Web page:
Bully takes place in a fictional New England town, where the prep school is its most defining feature. It is no metropolitan center, but it has its quirks, its neighborhoods, its alleys. The school itself is a microcosm itself of typical school-age social groups - still a satirical take, but one much smaller in scope.
You navigate the social landscape of the student body - try to get what you need from the geeks, try to impress the girls, fight off the bullies, harass the jocks, and so on - while slowly gaining access to more of the town itself, but don't get caught breaking curfew, mind you. The protagonist spends his time avoiding townies, exploring the natural surroundings, participating in bike races, and so on.
Bully is a take on American adolescence that should resonate with authenticity to anyone who received a contemporary American education, in ways that GTA's stories of car chases, shootouts, and gang wars does not. Nevertheless, in terms of gameplay logic and narrative progression, Bully is still GTA at school, minus guns.
Regardless, Bully felt much more alive and authentic throughout the entire experience, simply because there is less facade(actual and symbolic) in a more fictionalized and less urban space. There is no attempt to simulate the immensely complex social ecosystems of a major global city, or even the open countryside - instead just that of a little prep school and its environs.
By reducing the amount of effort needed to make an inherently social, massive environment compelling and visually striking in order to counteract the inevitable struggles with authenticity, time can be spent instead to fleshing out the personalities of the much more limited nature of the school, town, natural environment, and social groups.
Just as importantly, the actions the player takes may be fictionalized and cartoonish, but they don't create a dissonance between the life of the area as virtual place and the mechanisms and meaningfulness of what the player is doing.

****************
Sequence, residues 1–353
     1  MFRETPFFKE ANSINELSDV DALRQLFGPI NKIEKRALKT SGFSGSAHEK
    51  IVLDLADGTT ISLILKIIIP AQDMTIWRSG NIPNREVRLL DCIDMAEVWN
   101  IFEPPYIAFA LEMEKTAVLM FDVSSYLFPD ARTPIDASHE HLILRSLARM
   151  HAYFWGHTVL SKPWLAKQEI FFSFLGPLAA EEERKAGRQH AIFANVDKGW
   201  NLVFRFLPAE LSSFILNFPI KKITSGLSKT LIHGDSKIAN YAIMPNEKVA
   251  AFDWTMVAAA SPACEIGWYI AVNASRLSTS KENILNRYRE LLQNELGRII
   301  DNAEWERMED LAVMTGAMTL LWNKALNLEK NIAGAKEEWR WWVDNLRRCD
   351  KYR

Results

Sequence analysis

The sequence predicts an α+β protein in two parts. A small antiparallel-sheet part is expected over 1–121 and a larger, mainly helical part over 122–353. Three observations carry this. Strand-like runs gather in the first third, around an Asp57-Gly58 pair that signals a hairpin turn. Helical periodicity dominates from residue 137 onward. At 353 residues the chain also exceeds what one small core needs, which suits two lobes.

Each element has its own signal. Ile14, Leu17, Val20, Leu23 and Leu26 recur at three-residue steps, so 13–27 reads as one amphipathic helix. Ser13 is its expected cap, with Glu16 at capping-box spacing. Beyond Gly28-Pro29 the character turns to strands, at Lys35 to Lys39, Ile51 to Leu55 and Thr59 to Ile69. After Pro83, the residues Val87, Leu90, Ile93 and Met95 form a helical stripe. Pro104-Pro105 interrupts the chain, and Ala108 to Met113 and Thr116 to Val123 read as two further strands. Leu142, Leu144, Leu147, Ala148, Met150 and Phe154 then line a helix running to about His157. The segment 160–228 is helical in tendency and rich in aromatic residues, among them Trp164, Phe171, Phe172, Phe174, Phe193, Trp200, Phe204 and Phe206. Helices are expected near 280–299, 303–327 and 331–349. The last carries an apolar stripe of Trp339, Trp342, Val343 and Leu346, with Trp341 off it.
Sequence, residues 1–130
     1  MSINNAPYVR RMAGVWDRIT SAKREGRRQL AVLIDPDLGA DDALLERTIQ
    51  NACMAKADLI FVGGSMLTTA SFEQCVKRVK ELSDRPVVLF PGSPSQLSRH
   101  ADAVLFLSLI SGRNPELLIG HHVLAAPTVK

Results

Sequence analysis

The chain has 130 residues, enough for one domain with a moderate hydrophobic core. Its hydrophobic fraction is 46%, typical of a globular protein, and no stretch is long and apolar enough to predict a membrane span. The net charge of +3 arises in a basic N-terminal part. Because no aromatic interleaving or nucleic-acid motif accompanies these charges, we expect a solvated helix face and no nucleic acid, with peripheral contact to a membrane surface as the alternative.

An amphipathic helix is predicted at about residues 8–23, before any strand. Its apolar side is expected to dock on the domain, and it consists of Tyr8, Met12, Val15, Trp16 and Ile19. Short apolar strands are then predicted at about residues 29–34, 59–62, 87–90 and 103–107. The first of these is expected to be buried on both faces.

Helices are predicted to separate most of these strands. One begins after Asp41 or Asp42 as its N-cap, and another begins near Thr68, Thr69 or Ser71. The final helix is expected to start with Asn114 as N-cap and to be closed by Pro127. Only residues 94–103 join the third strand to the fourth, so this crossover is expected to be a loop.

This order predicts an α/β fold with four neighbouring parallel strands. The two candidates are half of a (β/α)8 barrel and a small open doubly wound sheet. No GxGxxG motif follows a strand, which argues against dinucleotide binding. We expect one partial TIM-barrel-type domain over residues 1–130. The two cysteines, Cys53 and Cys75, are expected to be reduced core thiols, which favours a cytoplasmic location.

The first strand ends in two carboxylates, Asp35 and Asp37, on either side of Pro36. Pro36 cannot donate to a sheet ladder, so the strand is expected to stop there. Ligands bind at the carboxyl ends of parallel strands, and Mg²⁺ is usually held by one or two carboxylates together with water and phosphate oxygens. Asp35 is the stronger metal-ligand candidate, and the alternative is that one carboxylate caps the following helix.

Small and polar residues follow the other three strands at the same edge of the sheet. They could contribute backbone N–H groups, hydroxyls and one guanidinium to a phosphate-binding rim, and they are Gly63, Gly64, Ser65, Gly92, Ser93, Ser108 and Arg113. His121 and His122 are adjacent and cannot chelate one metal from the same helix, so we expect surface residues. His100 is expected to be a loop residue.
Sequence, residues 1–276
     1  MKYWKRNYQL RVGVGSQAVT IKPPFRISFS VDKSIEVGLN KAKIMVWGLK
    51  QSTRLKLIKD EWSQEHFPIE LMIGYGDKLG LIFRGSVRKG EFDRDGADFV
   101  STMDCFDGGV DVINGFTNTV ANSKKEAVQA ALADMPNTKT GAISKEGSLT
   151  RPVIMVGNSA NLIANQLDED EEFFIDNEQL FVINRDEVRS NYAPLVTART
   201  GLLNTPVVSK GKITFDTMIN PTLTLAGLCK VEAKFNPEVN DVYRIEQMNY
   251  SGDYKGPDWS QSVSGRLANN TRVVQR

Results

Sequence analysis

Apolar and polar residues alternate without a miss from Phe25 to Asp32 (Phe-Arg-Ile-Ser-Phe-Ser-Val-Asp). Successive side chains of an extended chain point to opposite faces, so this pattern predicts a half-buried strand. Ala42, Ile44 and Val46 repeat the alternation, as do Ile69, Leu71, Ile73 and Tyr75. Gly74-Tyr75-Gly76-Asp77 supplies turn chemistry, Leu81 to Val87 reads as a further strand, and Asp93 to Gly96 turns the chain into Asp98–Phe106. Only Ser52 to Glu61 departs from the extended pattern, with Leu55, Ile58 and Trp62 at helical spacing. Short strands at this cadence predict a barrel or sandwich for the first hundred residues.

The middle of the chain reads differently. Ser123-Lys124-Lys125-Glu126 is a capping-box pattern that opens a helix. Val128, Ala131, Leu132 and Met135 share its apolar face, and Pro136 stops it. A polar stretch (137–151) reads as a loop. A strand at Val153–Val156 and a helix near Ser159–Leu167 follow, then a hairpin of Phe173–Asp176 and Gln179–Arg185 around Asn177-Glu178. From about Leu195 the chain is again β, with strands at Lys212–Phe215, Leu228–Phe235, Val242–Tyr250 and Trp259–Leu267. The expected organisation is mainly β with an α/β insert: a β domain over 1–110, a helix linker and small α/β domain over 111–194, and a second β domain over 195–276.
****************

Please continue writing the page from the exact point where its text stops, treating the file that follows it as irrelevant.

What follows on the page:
Ultimately its far less ambitious, but the game positively teems with culturally relevant authenticity and life.
NEW AUSTIN, ET AL.
Red Dead Redemption has taken huge leaps from GTA III, Bully, and GTA IV in terms of displaying the virtual environment. GTA IV had its vistas, but RDR has VISTAS with capital letters. It without a doubt recreates the initial immersion of playing GTA IV again - the place is empty, desolate, and unforgiving, but oh-so-alive.
Here's where Red Dead Redemption has more in common with Bully than Grand Theft Auto, however. Though technologically unparalleled, in a sense New Austin and RDR's other territories are much less ambitious environments than Liberty City. There are very few social landscapes to map. The suggested population is the tiniest fraction of that suggested by GTA. There are no blocks and blocks of storefronts, no floors and floors of apartments. There are no crowds of people going about their business on the streets, every day, all day. There is only the desert.
The characters, the writing, and the gameplay are still all on point, but nothing new. RDR feels better than GTA because less holes show through the facade; there's less to simulate; there's less to impersonate. The key was making the frontier feel like the frontier, and the less people are involved, the easier it is to do that.
Red Dead Redemption is GTA in a lawless wilderness, giving greater context to the violence which you inflict and suffer, and showing less set pieces of complex AIs to simulate which ultimately feels that much more authentic and immersive. Does it make RDR less ambitious? In that sense, yes - but the experience feels richer and more alive throughout the entire game.
People and social environments are hard to sustainably convey authenticity with over the course of a long game. Unless you want to attempt GTA-level scope of writing, acting, rendering, technology, narrative, and gameplay, strategically limit social environments with deliberate settings to create less fractures to cover.
Violence can make a realistically simulated environment feel less alive, less real, and less immersive over time, unless violence is an intrinsic part of the setting.
Originally posted at http://www.thepretentiousgamer.com/?p=156.